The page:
I have a brother laser all in one at home and my experience has been generally positive. I’m spoiled by my office printer (Canon Imagerunner bought off lease for ridiculously cheap) and so when the brother advertised “scan to email” I pictured what I’m used to which is SMTP send of a PDF straight from the printer to an email address. Nope - it requires an application running on a host machine and it opens outlook express (ha!) with the PDF attached. Uhh, thanks but no thanks. Just scan to file then my bro.


I found the Canon Fake Cartridges detecting software seems to be pretty effective.
Half the fakes I have bought have ending up failing. In the end I buy the real thing because it saves on headaches.

But, nowadays the paperless office is becoming more and more real. My kids even send their homework to the teacher using email. Paper matters less than it used to.


Fun story: I actually recycled my drum on accident yesterday. Fortunately I recycled it where I work and so I just dug it out the next day. I know better, I was just in a big rush. Other customers have not always known better, and have had us recycle them only to come back livid about it. Sorry, not sorry. RTFM.

I love my Brother and highly recommend it to most (non-art, non-photography, etc.) students. They never listen and buy HP inkjets that die or stop accepting cartridges after a couple of years. I honestly don’t know why people buy HP anything. I’m not a brand whore. If it works, it works. A lot of unsophisticated technologies these days will just work forever regardless of brand. But HP has failed me so many times I’ve had to swear off them. I rank them above Dell. That’s not saying much.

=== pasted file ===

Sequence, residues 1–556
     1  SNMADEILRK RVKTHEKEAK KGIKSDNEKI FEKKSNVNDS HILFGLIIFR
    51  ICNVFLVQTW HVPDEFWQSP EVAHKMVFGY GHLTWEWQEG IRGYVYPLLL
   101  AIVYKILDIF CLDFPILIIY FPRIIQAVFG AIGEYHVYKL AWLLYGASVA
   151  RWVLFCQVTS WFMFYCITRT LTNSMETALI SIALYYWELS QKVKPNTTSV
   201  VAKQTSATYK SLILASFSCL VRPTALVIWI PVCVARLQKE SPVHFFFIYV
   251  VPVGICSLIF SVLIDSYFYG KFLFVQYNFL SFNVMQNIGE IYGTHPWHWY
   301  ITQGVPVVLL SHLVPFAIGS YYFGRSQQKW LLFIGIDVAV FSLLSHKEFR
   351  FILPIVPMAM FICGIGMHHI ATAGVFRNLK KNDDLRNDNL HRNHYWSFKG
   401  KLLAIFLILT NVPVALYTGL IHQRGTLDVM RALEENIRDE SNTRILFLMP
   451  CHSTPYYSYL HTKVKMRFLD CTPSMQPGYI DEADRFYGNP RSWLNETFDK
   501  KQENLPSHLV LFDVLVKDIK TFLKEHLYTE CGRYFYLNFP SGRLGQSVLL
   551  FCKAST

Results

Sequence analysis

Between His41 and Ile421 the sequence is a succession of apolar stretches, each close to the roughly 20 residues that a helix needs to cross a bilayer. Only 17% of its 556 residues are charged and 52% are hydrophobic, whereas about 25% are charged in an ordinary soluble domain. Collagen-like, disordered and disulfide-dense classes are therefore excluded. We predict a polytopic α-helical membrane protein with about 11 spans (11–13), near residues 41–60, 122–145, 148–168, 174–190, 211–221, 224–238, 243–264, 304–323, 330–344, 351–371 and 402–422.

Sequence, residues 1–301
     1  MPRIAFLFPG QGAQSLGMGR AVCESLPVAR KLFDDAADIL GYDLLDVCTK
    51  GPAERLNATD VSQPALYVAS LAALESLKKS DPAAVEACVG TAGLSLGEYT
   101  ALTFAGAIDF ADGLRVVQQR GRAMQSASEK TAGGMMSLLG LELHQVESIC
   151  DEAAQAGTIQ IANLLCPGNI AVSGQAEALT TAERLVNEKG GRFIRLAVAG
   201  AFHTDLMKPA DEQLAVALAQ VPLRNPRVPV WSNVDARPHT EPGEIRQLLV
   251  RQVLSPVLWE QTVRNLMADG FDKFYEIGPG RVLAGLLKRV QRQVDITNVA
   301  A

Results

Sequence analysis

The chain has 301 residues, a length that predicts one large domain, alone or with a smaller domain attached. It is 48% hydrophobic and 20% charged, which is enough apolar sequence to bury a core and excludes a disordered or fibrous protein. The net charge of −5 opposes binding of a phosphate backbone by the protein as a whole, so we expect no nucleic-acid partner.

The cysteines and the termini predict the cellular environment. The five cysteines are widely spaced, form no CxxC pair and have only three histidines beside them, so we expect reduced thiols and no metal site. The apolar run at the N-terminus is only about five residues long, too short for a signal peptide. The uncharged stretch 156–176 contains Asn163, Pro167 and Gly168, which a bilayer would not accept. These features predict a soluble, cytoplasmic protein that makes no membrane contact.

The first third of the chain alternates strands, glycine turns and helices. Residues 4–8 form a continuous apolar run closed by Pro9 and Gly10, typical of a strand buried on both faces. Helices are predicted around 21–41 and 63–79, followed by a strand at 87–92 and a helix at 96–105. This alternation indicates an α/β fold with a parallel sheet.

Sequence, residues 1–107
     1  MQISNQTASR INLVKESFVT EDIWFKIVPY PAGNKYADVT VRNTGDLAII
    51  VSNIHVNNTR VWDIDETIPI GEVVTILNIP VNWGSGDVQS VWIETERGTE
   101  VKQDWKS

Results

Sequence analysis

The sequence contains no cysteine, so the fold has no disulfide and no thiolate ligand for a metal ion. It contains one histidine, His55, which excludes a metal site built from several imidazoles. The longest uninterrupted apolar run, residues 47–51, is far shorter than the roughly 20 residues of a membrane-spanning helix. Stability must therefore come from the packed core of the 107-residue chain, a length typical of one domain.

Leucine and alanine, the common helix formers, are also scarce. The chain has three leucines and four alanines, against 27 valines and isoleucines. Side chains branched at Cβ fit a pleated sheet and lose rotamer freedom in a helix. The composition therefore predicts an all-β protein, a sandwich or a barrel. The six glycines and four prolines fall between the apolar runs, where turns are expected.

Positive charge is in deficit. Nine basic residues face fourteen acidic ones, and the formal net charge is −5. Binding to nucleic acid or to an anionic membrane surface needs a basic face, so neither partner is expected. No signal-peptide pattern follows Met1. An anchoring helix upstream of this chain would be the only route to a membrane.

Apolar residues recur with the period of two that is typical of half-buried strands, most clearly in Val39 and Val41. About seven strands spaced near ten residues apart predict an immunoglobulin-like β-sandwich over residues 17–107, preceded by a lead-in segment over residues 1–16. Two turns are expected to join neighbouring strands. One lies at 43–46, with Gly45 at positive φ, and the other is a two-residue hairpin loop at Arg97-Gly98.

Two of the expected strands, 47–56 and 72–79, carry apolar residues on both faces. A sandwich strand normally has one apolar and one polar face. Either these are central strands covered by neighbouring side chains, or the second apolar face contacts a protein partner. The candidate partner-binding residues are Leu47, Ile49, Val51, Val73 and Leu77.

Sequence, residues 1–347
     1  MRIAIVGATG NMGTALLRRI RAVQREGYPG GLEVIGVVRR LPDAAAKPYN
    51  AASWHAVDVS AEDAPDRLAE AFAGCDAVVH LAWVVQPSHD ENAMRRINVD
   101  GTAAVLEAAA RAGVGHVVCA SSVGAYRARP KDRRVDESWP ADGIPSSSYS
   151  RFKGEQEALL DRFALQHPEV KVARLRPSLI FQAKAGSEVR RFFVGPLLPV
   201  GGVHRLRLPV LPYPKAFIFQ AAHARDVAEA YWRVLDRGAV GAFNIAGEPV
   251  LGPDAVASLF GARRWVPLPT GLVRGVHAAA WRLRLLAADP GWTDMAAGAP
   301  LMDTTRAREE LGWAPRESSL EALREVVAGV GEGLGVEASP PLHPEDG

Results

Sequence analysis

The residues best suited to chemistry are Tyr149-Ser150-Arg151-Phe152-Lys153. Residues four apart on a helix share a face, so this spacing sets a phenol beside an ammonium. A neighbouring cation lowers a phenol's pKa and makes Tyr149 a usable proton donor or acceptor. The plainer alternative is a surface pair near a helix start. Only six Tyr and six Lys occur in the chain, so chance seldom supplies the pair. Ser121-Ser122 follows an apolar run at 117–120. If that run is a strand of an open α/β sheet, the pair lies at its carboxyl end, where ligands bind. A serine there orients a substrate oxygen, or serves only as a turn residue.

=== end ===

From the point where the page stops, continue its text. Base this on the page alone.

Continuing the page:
Full color printing is overrated for home use. Like you’re really going to print ALL your selfies and pictures of food someday. If you have a business, or if you’re some kind of color junkie, maybe. But for the vast majority of tasks people ask their printer to perform, the color cartridges just sit there.


You won’t regret it though.


Cremora fireballs!


Skylighter has howtos and supplies for this and other pyro projects.


We know what you were printing.

(Did you know about those little yellow dots the good quality printers have nowadays?)


And EURion?


Many years ago, my wife spent what I thought was way too much money on a color HP LaserJet 5. She did enough printing back then that it definitely paid for itself in ink avoidance, even though I’d have gone with a black&white, and while it was built like a tank, it eventually died and we replaced it with a newer HP tank. One problem with the newer ones is that they “know” how many prints they can make from a given toner cartridge, so they’ll start whining about it long before they’re really out, or they’ll run out of one color and insist that you replace all the others as well, but we’re not printing as much as we did a decade ago.

The only time I’ve spilled toner was back in the 80s, when laser printers were new. It was a wet-process Imagen printer, so the toner was basically kerosene with carbon black in it, and sometimes it would gunk up and overflow when you were refilling it. Fortunately, the printer lived in the lab, with raised-floor tiles that were much easier to clean than carpet would have been.